Venice is a city in northeastern Italy and the capital of the Veneto region. It is sited on a group of 117 small islands that are separated by canals and linked by bridges. These are located in the marshy Venetian Lagoon which stretches along the shoreline, between the mouths of the Po and the Piave Rivers. Parts of Venice are renowned for the beauty of their settings, their architecture, and artwork. The lagoon and a part of the city are listed as a World Heritage Site.
In 2009, 270,098 people resided in Venice's comune (the population estimate of 272,000 inhabitants includes the population of the whole Comune of Venezia; of whom around 60,000 live in the historic city of Venice; 176,000 in Terraferma (the mainland), mostly in the large frazioni (roughly equivalent to "parishes" or "wards" in other countries) of Mestre and Marghera; and 31,000 on other islands in the lagoon. Together with Padua and Treviso, the city is included in the Padua-Treviso-Venice Metropolitan Area (PATREVE), with a total population of 2,600,000. PATREVE is only a statistical metropolitan area without any degree of autonomy.
The name is derived from the ancient Veneti people who inhabited the region by the 10th century BC. The city was historically the capital of the Republic of Venice. Venice has been known as the "La Dominante", "Serenissima", "Queen of the Adriatic", "City of Water", "City of Masks", "City of Bridges", "The Floating City", and "City of Canals".
The Republic of Venice was a major maritime power during the Middle Ages and Renaissance, and a staging area for the Crusades and the Battle of Lepanto, as well as a very important centre of commerce (especially silk, grain, and spice) and art in the 13th century up to the end of the 17th century. This made Venice a wealthy city throughout most of its history. It is also known for its several important artistic movements, especially the Renaissance period. After the Napoleonic Wars and the Congress of Vienna, the Republic was annexed by the Austrian Empire, until it became part of the Kingdom of Italy in 1866, following a referendum held as a result of the Third Italian War of Independence. Venice has played an important role in the history of symphonic and operatic music, and it is the birthplace of Antonio Vivaldi.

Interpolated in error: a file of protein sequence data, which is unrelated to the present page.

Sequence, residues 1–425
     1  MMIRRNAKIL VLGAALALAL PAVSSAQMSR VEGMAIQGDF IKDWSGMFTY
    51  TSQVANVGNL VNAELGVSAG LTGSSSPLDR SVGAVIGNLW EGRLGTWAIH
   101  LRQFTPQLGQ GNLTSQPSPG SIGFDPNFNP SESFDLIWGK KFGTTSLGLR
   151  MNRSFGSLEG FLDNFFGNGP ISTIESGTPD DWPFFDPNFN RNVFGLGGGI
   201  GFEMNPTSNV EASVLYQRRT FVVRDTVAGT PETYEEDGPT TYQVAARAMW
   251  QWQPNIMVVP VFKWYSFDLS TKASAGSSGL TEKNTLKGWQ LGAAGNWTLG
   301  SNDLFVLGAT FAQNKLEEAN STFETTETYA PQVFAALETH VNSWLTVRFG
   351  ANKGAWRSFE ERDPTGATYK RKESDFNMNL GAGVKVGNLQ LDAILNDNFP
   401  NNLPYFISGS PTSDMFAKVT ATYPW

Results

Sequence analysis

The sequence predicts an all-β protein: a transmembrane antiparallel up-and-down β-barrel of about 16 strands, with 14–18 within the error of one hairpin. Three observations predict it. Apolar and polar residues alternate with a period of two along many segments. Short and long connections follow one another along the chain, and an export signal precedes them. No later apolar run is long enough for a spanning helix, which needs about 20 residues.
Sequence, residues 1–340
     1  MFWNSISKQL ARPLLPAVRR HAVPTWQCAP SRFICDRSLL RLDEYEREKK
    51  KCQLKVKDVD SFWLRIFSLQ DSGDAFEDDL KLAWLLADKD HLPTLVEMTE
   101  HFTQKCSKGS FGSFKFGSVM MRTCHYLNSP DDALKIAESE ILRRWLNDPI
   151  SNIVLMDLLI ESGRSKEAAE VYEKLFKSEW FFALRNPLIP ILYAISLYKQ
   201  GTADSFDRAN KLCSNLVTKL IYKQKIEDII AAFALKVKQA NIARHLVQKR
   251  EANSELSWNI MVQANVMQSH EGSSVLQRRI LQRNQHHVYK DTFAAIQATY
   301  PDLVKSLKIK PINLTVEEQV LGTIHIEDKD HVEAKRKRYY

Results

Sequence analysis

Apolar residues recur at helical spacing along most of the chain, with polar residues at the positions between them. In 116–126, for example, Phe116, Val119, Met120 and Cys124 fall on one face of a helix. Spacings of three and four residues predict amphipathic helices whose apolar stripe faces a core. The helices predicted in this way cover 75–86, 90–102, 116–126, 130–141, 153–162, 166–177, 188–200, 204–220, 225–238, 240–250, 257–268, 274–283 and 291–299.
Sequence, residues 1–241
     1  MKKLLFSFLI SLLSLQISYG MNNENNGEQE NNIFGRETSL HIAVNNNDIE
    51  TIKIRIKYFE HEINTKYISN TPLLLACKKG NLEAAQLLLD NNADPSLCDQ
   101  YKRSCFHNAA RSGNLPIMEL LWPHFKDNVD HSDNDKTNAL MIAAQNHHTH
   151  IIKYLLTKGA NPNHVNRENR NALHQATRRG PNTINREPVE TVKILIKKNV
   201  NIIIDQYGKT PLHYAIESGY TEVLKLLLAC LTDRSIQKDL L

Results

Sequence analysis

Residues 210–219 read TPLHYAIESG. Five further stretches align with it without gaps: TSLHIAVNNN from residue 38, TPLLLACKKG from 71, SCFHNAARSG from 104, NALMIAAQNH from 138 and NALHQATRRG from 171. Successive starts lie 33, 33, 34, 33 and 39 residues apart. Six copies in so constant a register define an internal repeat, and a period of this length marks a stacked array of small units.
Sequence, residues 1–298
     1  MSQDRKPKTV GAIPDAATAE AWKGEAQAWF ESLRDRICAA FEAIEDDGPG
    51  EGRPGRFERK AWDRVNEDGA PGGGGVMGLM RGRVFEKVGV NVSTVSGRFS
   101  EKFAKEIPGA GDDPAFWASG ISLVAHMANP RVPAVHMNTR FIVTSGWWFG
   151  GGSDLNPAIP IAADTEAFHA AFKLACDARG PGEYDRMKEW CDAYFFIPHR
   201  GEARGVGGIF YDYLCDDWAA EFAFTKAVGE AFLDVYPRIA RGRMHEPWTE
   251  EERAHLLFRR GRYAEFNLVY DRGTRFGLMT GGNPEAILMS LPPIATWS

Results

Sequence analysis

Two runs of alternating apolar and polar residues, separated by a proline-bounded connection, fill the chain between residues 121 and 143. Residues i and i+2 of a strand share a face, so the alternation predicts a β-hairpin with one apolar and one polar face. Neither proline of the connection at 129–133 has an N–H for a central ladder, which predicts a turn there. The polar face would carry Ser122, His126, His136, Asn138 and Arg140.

Source information from Wikipedia
Our tour today stops over Venice (Italian Venezia), a city and seaport in north-east Italy, Venice is situated on 120 islands formed by 177 canals in the lagoon between the mouths of the Po and Piave rivers, at the northern extremity of the Adriatic Sea. Because of its historic role as a naval power and commercial centre, the city is known as the "Queen of the Adriatic". A rail and road causeway connects Venice with the mainland. Long sand bars, or barrier beaches, on the outer side of the lagoon serve as protection against the sea. The islands on which the city is built are connected by more than 400 bridges. The Grand Canal, about 3 km (2 mi) long, winds through Venice from north-west to south-east, dividing the city into two nearly equal portions. The Giudecca Canal, about 400 m wide, separates Giudecca Island, on the extreme south, from Venice proper. No motor vehicles are permitted on the narrow, winding lanes and streets that penetrate the old city, and the bridges are for pedestrians only. For centuries the most common method of transport was by gondola, a flat-bottomed boat propelled by a single oar. Today, the gondolas are used mainly by tourists; motor launches carry almost all the freight and passenger traffic in Venice.
The purpose of this comparision made from Sentinel-1 (Radar7 SAR instrument) and Sentinel-2 (Optical Sensor) images, aims to show to the scientific community the field of application of these satellites of the Copernicus family.
View Sentinel-1 high resolution image (JPG 1.9 MB)
View Sentinel-2 high resolution image (JPG 1.5 MB)